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  • Pee Dee
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    Author’s reply » In follow-up to the above blogpost on Sep 20, 2010 making reference to Fidelity China Special Situations PLC fund (the "Fund"), operated by Mr. Anthony Bolton, its closing fund price on that date was 103.2354 pence per unit.


    The Fund's market price vastly exceeded its net asset value, a quirk with near-certainty of ceasing, reaching a closing price of 128.371p on Nov 9, 2010.


    The Fund currently trades at about 73.5p vs its 75.02p NAV, having endured losses from investment frauds (one in particular highlighted by a short-seller who proved correct), misleading managers of certain portfolio companies and the portfolio manager's conclusion that:


    “On the challenges of China, I’ve said there were a number of things I was aware of – but actually doing it day in day out, they were more acute than I thought. And the challenge of ‘can you believe what you’re told?’ and ‘are the figures real figures?’ – the quality of the information that you’re getting – is definitely an issue.” (see


    With regards to hiring investigation / due diligence firms, the fund manager stated:


    “We use four or five outside firms that specialize in doing detailed due diligence work on companies. It’s something I’ve been interested in and started to use even when running money back here in UK.”


    The fund manager’s response to the query referencing academic research demonstrating the lack of correlation between economic growth in emerging markets and their equity markets performance was to simply dismiss the research saying he’s “not convinced on those studies.”


    Last, the Fund’s second largest holding as of Oct 31, 2011 is surprisingly a 3.7% stake in HSBC plc, a bank with greater loans exposure to European borrowers than to those in Asia. It is somewhat a stretch to categorize HSBC plc as a Chinese company, even though it is focused on the region. This also raises the question of whether the abnormally high fees being charged by the Fund are being sufficiently earned to hold shares of one of the world’s largest banks that actively trades in numerous equity markets around the globe.


    All this is not to rue a true professional (it’s highly unlikely that could happen) who has accomplished much in his tenure. The jury is still out on whether this fund manager will deliver reasonable returns--we shall see. In addition, much of what’s written in this commentary was written on this blog over a year ago in foresight so it is not necessarily new.


    This is instead an example of why the most star-studded names in financial services should not be merely followed into emerging markets—or any other “hot” markets—especially when they being paid fees to push a product. In many cases, the person’s biases, whether conscious or not, may be too great for that person to convey objective conclusions from objective reasoning.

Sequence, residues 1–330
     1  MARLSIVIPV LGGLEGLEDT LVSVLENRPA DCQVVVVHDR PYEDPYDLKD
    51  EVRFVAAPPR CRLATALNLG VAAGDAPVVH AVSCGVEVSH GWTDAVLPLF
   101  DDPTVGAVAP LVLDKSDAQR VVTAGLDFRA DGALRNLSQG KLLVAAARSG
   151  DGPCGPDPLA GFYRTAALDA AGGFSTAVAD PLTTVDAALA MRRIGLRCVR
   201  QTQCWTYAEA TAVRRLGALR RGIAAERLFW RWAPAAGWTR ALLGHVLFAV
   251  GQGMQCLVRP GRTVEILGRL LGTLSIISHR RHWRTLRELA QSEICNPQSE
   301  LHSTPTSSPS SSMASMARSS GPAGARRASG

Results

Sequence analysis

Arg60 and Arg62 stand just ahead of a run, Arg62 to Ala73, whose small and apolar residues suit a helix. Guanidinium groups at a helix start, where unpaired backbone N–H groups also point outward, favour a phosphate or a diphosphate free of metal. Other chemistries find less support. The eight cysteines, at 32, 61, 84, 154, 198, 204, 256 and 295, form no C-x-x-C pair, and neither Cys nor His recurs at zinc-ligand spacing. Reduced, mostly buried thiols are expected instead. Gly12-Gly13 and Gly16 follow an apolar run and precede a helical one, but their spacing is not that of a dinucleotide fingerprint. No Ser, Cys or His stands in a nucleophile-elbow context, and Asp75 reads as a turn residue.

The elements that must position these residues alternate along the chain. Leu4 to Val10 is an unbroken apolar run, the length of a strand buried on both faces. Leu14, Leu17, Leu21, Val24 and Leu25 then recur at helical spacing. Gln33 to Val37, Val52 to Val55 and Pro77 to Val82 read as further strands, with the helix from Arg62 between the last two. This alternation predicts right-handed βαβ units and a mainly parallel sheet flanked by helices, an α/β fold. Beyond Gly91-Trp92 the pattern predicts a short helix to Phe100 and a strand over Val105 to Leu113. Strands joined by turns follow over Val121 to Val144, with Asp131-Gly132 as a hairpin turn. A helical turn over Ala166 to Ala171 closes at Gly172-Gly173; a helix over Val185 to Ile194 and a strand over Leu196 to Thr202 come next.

19 Dec 2011, 08:51 AM Reply Like
  • Pee Dee
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    Author’s reply » It was announce earlier this week that the fund manager of the Fidelity China Special Situations fund, Mr. Anthony Bolton, will retire and complete a handover of the fund in April 2014.


    On the announcement date, the fund closed at 86.75p, indicating a loss of nearly 15% before dividends, which have not been meaningful, since the manager founded the fund.


    To compound the issue, the announcement comes at a time when many observers are growing concerned with the economic slowdown in China and other emerging markets that is causing civil unrest, as seen in Brazil.


    We now have further news that certain persons involved in touting investments in emerging markets and / or coining the appellation "BRIC" (an abbreviation for what was seen as the best markets to invest in because of their economic growth rates: Brazil, Russia, India and China), are retiring as well or reining in their bullish views ( ).


    Not coincidentally, all this comes on the heels of the decline of prices for major commodities and the prospect of rising US interest rates, which both, perhaps concomittantly, fed fuel to emerging markets growth.


    It may be a good time for certain persons to retire after long, distinguished careers. Investors from developed markets remaining in under-developed economies however may want to review again their fundamental basis in deciding to enter and stay invested in these economies.
    21 Jun 2013, 08:02 AM Reply Like
  • Pee Dee
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    Comments (70) | Send Message
    Author’s reply » A sample of the fund manager's retirement news coverage can be found here:






    Much of the press coverage has not been friendly to the manager and some have been downright hostile. It nonetheless begs to wonder: where was the press during the rocketing days of emerging markets hype during the 2000s?
    21 Jun 2013, 08:17 AM Reply Like